Today, creating and executing successful print campaigns takes more thought, collaboration, and integration than ever before. Everyone who is involved from the start to finish has a role and a responsibility. To often, we don’t talk about these responsibilities prior to starting a project, but when something goes wrong, everybody seems to know where to point a finger.
Now every project is different and responsibilities will vary from project to project. Some projects don’t really have an intended strategy, some projects don’t have a dedicated designer, but some some have both. You get the point, in complex projects, each print job is different. So lets start at the beginning and layout some basic responsibilities with the hope that we’ll talk more prior to starting the project (and get it right), than figuring out whose fault it is when things go wrong.
And keep in mind, there is a lot of small printing that just passes through a shop, reprints, simple PDF’s to print and things that are not considered “Projects”, just print jobs. I’m not talking about these. I’m talking about projects or campaigns that have lots of parts and pieces. Multiple images with critical color, data bases for mailing and variable print and shipping and distribution with some amount of complexity.
The client or customer needs to set clear expectations, generally in some sort of written or documented form. I’ve had people just throw a disk or flash drive at us and say here you go. Not. The more complex the project, the more the client needs to make sure instructions are clear and understandable. This is also a big responsibility of the printer to be able to understand. If the client has done his part, the printer needs to do more than just nod and smile….The printer has to have the capacity to understand. Clients need to look in the printers eye or something and make sure they get it. This is usually a good time to talk the project through, better yet, deal with a printer you trust. And don’t be afraid to ask for references if it is the first time dealing with a printer.
Proofing is a huge part of the process. First off, the printer needs to make a set of proofs that represent what the printed piece will look like and how it will preform. This does not mean a laser print with the explanation that after we do a couple of tweaks it will be what you want. It means the customer needs to look at it and feel confident in what they are getting. And as for the customer, this is not the time to be proof reading, that should of been done long before. It is the time to catch mistakes, but to many times I have witnessed people actually doing their first real proof reading at the final proof stage, and then making a ton of changes. It seems like it should be simple and most of the time it is. But I sure could tell some stories about bad proofs some of my customers have gotten from other printers, or of some of the things customers try to change that they should have a long time back in the process.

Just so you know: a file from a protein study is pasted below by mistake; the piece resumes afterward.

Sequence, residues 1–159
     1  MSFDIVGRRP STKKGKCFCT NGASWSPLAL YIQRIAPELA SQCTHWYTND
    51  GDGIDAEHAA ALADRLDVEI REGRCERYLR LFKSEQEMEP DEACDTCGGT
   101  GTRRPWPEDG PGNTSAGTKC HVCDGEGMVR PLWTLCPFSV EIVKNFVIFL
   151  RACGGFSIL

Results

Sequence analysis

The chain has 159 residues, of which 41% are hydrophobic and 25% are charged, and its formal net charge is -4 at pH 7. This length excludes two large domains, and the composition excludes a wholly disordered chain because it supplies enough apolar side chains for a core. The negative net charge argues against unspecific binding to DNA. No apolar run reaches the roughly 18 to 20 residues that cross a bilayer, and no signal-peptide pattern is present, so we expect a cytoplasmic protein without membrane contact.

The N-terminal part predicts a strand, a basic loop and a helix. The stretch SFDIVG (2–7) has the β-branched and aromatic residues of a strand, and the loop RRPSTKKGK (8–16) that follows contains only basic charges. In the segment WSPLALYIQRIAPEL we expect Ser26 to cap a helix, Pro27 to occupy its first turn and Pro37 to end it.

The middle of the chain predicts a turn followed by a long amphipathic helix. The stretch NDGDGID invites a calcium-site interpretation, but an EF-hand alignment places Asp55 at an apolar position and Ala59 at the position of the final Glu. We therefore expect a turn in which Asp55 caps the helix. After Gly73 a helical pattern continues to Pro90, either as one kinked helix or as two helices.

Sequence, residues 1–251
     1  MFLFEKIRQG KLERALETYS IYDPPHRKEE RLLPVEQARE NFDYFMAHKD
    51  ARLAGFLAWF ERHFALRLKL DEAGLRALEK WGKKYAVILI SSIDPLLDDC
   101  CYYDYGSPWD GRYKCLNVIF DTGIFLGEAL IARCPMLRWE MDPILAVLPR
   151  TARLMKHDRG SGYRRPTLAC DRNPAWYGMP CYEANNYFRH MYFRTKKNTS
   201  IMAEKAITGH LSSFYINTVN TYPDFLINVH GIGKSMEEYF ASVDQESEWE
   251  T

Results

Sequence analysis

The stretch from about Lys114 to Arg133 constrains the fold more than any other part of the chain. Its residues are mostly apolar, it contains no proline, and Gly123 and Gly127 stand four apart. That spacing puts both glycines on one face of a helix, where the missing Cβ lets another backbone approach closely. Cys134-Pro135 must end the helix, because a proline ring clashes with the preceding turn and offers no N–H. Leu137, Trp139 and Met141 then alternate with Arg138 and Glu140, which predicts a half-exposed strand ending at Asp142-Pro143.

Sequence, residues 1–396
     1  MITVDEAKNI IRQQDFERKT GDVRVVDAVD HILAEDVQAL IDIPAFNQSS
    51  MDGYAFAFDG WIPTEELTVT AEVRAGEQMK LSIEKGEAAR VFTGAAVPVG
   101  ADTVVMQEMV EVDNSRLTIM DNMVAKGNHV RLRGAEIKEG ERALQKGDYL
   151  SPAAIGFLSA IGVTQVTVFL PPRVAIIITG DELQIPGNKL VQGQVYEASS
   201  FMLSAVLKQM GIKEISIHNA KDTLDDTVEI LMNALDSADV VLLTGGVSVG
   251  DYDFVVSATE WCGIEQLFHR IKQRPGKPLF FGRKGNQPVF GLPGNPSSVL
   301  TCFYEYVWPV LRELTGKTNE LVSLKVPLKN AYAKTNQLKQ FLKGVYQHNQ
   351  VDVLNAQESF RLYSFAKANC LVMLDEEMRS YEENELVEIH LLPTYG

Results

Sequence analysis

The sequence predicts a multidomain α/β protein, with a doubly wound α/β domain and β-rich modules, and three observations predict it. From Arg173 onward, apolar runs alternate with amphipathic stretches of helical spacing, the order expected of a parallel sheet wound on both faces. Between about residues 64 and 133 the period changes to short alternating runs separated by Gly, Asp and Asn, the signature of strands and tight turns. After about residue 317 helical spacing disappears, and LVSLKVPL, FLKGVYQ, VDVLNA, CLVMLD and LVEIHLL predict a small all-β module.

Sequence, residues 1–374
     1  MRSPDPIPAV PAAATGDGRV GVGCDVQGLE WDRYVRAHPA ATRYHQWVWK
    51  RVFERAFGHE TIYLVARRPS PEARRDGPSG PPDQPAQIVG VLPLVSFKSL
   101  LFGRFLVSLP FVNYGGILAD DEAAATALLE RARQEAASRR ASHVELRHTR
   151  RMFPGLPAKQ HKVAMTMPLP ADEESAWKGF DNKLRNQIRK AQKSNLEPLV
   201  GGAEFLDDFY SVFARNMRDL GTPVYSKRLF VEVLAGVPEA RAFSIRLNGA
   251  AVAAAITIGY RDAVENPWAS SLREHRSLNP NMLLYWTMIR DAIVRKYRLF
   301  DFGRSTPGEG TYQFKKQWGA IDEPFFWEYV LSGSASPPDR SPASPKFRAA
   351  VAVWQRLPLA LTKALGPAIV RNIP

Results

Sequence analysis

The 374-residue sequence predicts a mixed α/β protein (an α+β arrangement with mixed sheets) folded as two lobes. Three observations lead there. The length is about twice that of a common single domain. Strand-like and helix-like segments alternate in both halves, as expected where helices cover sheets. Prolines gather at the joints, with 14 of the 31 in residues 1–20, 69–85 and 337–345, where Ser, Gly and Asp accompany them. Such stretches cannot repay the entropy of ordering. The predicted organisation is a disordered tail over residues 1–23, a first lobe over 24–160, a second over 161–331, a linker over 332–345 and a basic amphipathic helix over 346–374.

Now the Press Proof. This is even a worse time to do you final proof reading. Actually changes can get pretty expensive at this point, but if something is just wrong its cheaper to fix it now than redo it. Press proofs generally tend to be more for final color and seeing the printed job on the intended paper or what ever it prints on. Hard proofs are great, but nothing beats seeing the actual piece. Press proofs take some patience though, there always a little tension in the air as printers don’t want to make changes at this point and clients or designers want to make sure their piece is right. Printers and clients should talk about what to expect at Press Proofs, what changes cost and what parameters will get the job rejected.
I guess to make a long story short, Communicate. Make sure all parties are on the same page, talk about what it looks like when the project goes right as well as what might go wrong. It seems simple, but to often in the rush of things we all forget. Don’t do that; I constantly remind myself…double check and triple check. On really important projects, there seems like there is never time to do it right, but always enough time to re-do it!